Re: copyrights & CDROMs


Miroslav Pokorni <mpokorni@...>
 

Phil,

That is pretty sound advice, yes a mass mailing might really cause an undue
concern. I guess I got a bit carried away. I will site my youth as a cause,
I am only 56 years old.

The whole discussion did get overheated because we all mixed strict rule of
law, what is right (ethics) and what is practical. Your suggestion is on the
side of practical with some view of ethics, and that is probably best course
to take.


Regards

Miroslav Pokorni

-----Original Message-----
From: Phil (VA3UX) [mailto:phil@vaxxine.com]
Sent: Monday, September 17, 2001 7:46 PM
To: TekScopes@yahoogroups.com
Subject: RE: [TekScopes] Re: copyrights & CDROMs

I'd be very careful about starting a campaign with Tek about
the vintage
manual situation. I suggest we "let sleeping dogs lie".
We've already been
given a preview of the answer such a request is likely to
bring : one
retired employee has never received permission and another
retired employee
was purportedly told " don't ask questions that you won't
like the answers
to". That last statement - if it's true an accurate - has
the answer we're
all looking for anyway but it's cleverly cloaked.

A petition is likely to attract the kind of attention that
will have the
effect opposite to the intended goal. In today's high tech
paranoia-driven
organizations, I can easily conceive a Vice President of
Historical
Relations and Vintage Affairs looking at this and thinking,
" my gawd !
There's 200 names on this letter. This must just be the tip
of the iceburg.
There must really be thousands of potential customers for
new products that
are being held captive by our older products. We'll stop
this menace right
now. We'll issue a letter informing that we intend to
prosecute copyright
infringement to full extent of the law, no matter how old
the
product. We'll force them out of the 60's and 70's and into
the year
2001". And then where would we be ? Worse-off than we are
right now where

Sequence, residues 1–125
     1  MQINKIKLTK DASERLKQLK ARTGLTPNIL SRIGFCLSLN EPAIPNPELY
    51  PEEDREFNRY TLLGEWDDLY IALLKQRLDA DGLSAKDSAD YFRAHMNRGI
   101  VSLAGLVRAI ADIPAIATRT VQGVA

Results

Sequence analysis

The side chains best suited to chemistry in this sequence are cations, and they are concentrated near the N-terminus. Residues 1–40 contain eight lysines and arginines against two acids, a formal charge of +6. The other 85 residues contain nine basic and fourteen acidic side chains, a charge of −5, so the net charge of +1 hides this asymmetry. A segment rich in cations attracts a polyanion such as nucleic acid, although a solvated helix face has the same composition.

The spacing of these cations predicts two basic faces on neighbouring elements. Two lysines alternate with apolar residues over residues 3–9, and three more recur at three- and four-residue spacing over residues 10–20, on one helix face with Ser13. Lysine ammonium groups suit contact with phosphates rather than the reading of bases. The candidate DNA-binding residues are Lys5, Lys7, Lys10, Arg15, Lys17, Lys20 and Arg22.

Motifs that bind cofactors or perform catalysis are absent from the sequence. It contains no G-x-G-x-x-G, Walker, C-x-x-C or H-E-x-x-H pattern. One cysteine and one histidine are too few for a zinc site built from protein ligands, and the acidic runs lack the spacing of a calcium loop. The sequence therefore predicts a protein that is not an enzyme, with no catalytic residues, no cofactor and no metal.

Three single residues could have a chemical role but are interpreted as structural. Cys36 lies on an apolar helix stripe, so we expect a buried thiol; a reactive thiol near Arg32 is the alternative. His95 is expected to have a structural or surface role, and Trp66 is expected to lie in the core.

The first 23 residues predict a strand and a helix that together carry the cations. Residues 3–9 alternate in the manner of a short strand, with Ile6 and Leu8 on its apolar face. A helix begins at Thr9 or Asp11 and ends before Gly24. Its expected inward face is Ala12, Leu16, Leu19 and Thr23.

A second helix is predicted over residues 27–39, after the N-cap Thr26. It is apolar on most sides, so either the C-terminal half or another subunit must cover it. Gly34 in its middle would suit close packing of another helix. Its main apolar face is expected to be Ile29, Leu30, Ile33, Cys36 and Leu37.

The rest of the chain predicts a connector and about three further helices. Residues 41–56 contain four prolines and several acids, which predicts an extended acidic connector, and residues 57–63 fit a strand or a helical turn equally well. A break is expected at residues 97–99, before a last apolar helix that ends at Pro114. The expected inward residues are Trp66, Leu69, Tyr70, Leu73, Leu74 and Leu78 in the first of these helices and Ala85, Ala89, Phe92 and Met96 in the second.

little if any attention is being paid to the miniscule
market for copied
old manuals.

My advice : drop the issue and carry on as we have been.

Phil

At 12:13 PM 9/17/2001 -0700, you wrote:
><snip>
>
>The letters that Stan mentioned and I understand that he
meant mass mailing,
>would be very effective. If letters came from people who
still work and on
>company letterhead, Tektronix might get an idea how their
scheming is
>received by potential customers. I do not think that Stan
and Dean should be
>asked to sign a 'collective letter'; they still know lot of
people at
>Tektronix and no strain should be put on those
relationships. Besides, in
>Tektronix's mind our group, as collectors, is of no
consequence, they are
>looking at people who would buy new equipment.
>
>
>Regards
>
>Miroslav Pokorni
>
>
>
> -----Original Message-----
> From: david@slack.com
[mailto:david@slack.com]
> Sent: Sunday, September 16, 2001 10:03
AM
> To: TekScopes@yahoogroups.com
> Subject: Re: [TekScopes] Re:
copyrights & CDROMs
>
> >PS . . . . . I have to confess that I
have made a copy of a
>page or two for
> >some desparate Tek equipment owners in
the past myself.
>One guy now offers a
> >CD ROM with 46 complete manuals on it,
which I consider
>orders of magnitude
> >worse than anything like this that I have
seen in the past.
>
> The manuals on that CDROM are *not* OEM
Tek or HP manuals.
>They are US
> Army manuals that are publically available
on an Army web
>site. I'm
> looking at one now (TM 11-6625-2759-14,
aka Tek 7L5 service
>manual) and it
> says "This manual contains copywrite [sic]
material
>reproduced by
> permission of the Tektronix Company." If
Tektronix objects
>to reproduction
> of this manual, it's really up to them to
complain to the
>Army. The guy
> selling the CDROM is not at fault.
>
> For what it's worth, my opinion on the
copyright issue is
>that the test
> equipment companies are happy with the
current ambiguous
>situation and
> don't have any reason to clarify it. They
also don't have
>an incentive
> to sue people for copyright violation
since the legal
>expenses would far
> exceed any possible damages they could
collect. Therefore,
>I predict the
> current situation will continue.
>
> In support of this, I have noticed that
even the largest
>test equipment
> dealers often supply photocopied manuals
with the used
>equipment they sell.
> Two examples are Electro Rent and Tucker
(Tucker also sells
>photocopied
> service manuals). This doesn't really
prove anything, but
>since they are
> franchised dealers for new equipment from
HP and Tek, it
>supports the idea
> that those companies must not be bothered
too much by the
>practice.
>
>
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